Today I came across an image by Sophie Hay, of the British School of Rome, of an inscription lying near the west gate of Leptis Magna in Libya. She kindly sent me a hi-res copy, which I have sharpened (click on it to see the full size image):
Looking at a section of the lower line, it quite clearly refers to “SEPTIMIO SEVERO”!
I was very excited by this!
But … a look at the freely available and very useful Clauss-Slaby database (which has moved, I note, to here) gives us these details:
Publication: LBIRNA 00257 = AE 1967, 00536 EDCS-ID: EDCS-09800351
Province: Africa proconsularis Place: Al-Khums / Lebdah / Labdah / Lepcis Magna
Imp(eratori) Caes(ari) M(arco) Aurelio Antonino Aug(usto) Arm(eniaco) Med(ico) Par(thico) Ger(manico) p(ontifici) m(aximo) tr(ibunicia) pot(estate) XXVIII imp(eratori) co(n)s(uli) p(atri) p(atriae) arcus ex HS CXX m(ilibus) n(ummum) ab Avilio Casto in eum et statuas legatis / praeter HS quae de publico adiecta sunt dedicatus C(aio) Septimio Severo procons(ule) L(ucio) Septimio Severo leg(ato) pr(o) pr(aetore)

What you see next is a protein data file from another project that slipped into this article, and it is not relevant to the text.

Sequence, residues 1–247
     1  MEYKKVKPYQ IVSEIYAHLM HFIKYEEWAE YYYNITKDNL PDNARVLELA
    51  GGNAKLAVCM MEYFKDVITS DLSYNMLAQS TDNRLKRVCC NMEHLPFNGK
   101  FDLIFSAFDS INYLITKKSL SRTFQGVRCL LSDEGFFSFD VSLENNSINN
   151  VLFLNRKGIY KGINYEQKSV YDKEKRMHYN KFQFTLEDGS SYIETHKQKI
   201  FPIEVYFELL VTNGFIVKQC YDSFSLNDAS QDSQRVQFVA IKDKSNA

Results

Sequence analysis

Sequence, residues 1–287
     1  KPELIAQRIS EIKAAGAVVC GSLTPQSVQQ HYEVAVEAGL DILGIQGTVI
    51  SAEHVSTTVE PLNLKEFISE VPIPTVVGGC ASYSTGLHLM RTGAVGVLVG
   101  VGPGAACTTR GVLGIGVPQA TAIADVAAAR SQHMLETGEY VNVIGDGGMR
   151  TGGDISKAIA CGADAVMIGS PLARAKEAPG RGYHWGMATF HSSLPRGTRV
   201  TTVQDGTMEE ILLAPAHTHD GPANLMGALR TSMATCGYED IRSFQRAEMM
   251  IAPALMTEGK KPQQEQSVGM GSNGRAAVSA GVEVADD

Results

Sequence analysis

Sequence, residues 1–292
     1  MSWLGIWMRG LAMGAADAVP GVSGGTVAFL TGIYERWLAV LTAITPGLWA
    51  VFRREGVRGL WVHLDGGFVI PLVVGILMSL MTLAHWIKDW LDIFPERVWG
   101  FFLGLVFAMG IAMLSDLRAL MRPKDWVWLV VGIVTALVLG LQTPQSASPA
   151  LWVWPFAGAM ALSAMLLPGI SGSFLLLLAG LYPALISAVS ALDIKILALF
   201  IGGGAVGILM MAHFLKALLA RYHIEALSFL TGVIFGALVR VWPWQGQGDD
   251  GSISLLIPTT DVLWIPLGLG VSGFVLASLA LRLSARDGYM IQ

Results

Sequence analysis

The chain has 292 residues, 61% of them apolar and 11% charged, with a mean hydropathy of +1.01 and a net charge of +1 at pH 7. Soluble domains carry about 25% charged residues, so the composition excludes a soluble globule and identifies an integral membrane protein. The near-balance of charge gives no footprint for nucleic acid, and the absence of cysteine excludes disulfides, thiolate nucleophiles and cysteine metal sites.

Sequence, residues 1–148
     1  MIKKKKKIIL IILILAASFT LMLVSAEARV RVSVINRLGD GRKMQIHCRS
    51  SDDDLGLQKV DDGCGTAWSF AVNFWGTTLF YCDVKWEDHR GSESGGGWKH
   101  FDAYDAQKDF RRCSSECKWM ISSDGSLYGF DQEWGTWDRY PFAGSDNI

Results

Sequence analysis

Which reveals that in fact we are not dealing with a monument erected at Leptis by Septimus Severus, the emperor – whose home town this was, and whose praenomen was Lucius -, but with an earlier monument of the time of Marcus Aurelius, when C. Septimius Severus was proconsul and L. Septimius Severus was propraetor.
Fortunately a search of Clauss-Slaby for “septimio severo” quickly reveals any number of inscriptions which ARE imperial, and do show that spelling. They also give him the cognomen “Pertinax”, adopted as part of his bid for imperial power. No inscriptions with “septimo severo” are found. So that’s that.
In fact the Leptis monument does testify to the gens of “Septimii Severi” at Leptis, listing both the emperor-to-be and his older cousin, Gaius.